Archive for the ‘stratford on avon’ Category

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Will in the World – Stephen Greenblatt

Is there anything new to say about Shakespeare? After reading this piercingly smart assessment on how Shakespeare became Shakespeare I’d say emphatically: Yes!

Amid a void of verifiable information on the topic, an industry in academic analysis has flourished, some good, some weak, but all of it built on flimsy foundations and topped with much speculation.

The perceptiveness of this book comes from the author’s skillful and intelligent construction of arguments that give glimpses into the enigma of the Bard and his genius.

Greenblatt layers intimate knowledge of the plays with a scholarly understanding of the context in which they were written – lines, passages, scenes and whole plays come alive with new meaning.

While we have to accept that we’ll never fully know the man, the gift of this book lets us draw nearer to him, enriching our grasp of the events that shaped his talent and enhancing our appreciation of a body of literary work that has no equal.

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dillenA Stratford Story: Including The Dillen and Mary, After the Queen

Imagine warming yourself round a log fire, flames flickering, sap hissing, wood spitting and being carried off to another world on the rustic dialect of a withered little man with a gleam in his eye and the gift of the gab.

George Hewins is The Dillen, the runt of the litter, a born storyteller who lived in such straightened circumstances that he and his wife had to share a bed with his mother-in-law yet still managed to conceive eight children.

The story of his hardscrabble life in my home town, Stratford-on-Avon, Warwickshire, covers the period between 1878 and the 1920s and is derived from a series of audio recordings made by his grandson’s wife, Angela Hewins, over a three-year period.

As she says, she’s added some h’s and omitted some repetitions but the grammar, the contractions and the speech patterns are still there and if you’re familiar with the Stratford accent, you can almost hear George speaking.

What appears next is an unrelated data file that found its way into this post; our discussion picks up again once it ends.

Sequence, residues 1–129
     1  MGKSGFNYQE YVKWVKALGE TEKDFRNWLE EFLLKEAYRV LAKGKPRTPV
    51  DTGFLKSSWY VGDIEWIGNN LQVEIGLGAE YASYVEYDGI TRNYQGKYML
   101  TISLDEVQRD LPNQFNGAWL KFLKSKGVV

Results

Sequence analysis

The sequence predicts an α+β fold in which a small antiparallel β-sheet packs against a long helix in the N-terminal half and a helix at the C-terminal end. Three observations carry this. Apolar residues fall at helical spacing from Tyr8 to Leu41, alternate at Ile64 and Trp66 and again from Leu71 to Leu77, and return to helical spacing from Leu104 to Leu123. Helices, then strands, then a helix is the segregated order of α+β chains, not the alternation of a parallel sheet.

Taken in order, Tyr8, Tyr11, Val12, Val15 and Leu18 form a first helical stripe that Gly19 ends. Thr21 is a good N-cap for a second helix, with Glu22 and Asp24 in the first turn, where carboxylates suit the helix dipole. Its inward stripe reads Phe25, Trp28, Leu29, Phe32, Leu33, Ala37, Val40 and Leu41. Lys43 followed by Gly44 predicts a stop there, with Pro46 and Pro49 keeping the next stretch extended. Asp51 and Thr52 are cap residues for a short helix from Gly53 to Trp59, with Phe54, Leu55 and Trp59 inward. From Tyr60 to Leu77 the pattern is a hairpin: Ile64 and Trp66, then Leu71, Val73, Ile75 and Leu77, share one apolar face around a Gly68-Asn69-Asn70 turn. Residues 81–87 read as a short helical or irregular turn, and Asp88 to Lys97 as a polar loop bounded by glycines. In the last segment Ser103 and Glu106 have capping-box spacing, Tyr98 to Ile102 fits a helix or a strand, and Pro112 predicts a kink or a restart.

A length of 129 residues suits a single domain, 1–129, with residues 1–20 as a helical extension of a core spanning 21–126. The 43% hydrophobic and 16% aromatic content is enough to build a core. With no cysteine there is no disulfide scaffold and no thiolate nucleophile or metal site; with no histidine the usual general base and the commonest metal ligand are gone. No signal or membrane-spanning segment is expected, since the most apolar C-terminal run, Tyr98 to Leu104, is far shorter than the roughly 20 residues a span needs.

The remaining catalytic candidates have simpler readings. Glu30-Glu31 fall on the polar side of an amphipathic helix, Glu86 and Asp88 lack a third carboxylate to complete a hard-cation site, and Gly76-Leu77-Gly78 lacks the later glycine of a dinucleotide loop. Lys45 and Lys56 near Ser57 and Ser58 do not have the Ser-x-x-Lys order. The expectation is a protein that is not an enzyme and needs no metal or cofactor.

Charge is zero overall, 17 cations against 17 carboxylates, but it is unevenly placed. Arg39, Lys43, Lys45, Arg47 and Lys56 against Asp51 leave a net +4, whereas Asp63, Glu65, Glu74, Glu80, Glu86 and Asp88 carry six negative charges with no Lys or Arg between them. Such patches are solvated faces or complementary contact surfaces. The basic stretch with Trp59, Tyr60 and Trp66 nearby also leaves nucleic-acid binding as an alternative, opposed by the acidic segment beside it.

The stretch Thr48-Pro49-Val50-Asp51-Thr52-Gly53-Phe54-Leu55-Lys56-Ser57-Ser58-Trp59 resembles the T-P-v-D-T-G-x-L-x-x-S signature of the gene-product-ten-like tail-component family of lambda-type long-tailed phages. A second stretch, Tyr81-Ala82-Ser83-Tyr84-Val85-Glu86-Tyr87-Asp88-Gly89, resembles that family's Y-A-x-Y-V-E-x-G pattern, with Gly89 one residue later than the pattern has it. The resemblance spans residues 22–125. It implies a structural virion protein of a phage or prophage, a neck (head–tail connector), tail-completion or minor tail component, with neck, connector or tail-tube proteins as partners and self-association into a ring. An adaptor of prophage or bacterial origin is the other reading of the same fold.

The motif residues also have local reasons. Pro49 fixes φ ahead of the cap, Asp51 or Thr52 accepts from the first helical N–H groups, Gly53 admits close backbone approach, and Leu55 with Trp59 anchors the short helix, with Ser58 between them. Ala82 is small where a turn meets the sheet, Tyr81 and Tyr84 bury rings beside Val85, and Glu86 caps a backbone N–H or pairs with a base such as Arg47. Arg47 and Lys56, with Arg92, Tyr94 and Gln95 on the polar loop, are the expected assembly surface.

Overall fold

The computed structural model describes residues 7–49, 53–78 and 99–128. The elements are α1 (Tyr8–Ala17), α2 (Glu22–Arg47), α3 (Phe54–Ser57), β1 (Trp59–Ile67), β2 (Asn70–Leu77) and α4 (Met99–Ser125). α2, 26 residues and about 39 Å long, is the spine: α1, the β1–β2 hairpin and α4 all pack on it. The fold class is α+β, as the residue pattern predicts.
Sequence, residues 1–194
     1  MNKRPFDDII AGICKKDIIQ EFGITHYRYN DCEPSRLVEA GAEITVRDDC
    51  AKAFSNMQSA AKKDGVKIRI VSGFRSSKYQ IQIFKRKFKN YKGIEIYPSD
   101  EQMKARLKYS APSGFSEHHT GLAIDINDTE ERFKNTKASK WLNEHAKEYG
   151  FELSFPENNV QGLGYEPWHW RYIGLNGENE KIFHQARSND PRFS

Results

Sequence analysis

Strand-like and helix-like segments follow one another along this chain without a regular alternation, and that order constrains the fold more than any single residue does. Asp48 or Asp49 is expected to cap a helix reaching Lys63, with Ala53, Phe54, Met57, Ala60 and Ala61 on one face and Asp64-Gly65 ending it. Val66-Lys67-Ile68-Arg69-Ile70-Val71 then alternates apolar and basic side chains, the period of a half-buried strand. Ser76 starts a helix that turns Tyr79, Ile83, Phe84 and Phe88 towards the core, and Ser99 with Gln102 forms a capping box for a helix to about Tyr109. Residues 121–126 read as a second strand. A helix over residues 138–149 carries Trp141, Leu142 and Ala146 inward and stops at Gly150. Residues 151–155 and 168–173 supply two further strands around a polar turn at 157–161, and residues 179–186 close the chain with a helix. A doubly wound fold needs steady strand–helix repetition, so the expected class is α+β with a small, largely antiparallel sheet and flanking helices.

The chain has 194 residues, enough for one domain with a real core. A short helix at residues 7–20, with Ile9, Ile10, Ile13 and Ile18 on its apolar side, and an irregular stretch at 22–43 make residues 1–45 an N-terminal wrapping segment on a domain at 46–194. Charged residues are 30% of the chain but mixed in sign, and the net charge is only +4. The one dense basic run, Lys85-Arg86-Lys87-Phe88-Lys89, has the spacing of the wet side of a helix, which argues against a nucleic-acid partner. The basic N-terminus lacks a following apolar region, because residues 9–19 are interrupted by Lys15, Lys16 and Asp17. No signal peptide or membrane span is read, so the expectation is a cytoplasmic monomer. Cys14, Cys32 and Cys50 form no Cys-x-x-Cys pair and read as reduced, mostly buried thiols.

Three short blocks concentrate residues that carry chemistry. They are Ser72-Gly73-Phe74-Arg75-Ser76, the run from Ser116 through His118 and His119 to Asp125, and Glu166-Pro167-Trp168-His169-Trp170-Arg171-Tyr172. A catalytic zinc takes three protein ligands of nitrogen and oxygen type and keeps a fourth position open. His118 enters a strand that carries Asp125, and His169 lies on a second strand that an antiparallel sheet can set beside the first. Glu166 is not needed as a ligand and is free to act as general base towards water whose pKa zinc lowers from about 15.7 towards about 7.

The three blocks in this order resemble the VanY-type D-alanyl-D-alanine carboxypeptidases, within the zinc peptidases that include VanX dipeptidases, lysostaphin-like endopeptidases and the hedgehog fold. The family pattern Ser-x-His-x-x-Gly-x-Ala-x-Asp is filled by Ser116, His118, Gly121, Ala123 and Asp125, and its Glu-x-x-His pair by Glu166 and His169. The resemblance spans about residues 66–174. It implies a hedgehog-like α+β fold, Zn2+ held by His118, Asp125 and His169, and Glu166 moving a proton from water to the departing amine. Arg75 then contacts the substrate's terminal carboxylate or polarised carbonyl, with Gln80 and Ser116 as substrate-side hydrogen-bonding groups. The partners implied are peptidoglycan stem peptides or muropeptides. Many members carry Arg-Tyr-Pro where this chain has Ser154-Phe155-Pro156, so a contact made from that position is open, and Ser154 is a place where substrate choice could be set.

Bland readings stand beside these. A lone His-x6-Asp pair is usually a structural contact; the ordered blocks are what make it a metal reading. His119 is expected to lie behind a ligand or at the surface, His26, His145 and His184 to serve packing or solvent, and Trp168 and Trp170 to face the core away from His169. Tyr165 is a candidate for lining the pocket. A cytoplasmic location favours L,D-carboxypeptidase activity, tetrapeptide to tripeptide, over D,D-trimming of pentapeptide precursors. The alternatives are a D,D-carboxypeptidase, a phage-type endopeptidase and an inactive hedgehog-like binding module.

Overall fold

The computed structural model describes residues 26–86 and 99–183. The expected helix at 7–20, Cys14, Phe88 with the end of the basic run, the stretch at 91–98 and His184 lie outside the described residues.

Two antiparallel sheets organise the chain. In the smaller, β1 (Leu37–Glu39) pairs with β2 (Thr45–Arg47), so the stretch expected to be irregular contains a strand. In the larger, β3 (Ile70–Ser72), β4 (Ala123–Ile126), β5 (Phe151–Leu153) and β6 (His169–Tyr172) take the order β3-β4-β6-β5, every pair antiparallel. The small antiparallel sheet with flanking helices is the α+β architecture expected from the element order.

It’s this, George’s voice, George’s perspective, that give power to the narrative. It’s part oral history, part social history, and part memoir of poverty by someone who lived it, not just witnessed it. Above all it’s a thoroughly absorbing read.

From the off George relates how perilous his start in life was, how an old chap had told him of a man called Womack: “‘E sold your mother some medicine to get rid o’ you.”

Womack was “an ordinary working chap who made up pills and medicines for folks as couldn’t afford the doctor or chemist.”

George’s mother Emmie, then 18 and unmarried, was sent to him by her lover Tom Farr and “as soon as she’d took a couple o’ swigs of Womack’s medicine Emmie stopped fretting. She knowed it would work, like a spell, make the babby vanish; that’s what Tom said and he was always right.”

Not this time he wasn’t. He didn’t hang around and nor did Emmie, leaving George to be brought up by his mother’s aunt Cal.

What follows is a life of grinding poverty. George and his family live from hand to mouth. Work is scarce, wages are depressed and earnings sporadic. Rent arrears and eviction are ever-present fears surpassed only by the terrifying awfulness of the workhouse, the last port of the utterly destitute, where even dignity is taken.

It’s grim, for sure, but in the telling it’s not depressing. George the raconteur laces his tale with bawdy anecdotes and black humor. The story of how Tommy Taters got his nickname had me laughing out loud and George even manages to make light of a war wound he suffered after going over the top in 1917.

Caught in No Man’s Land, wounded in the hip by a shell burst, his officer also injured, George tells how a German came up behind them: “They was coming from behind! Captain Edwards saw him and shot him with his revolver, shot him from where he lay. He fell dead on me. But not afore he’d stuck his bayonet in my arse.”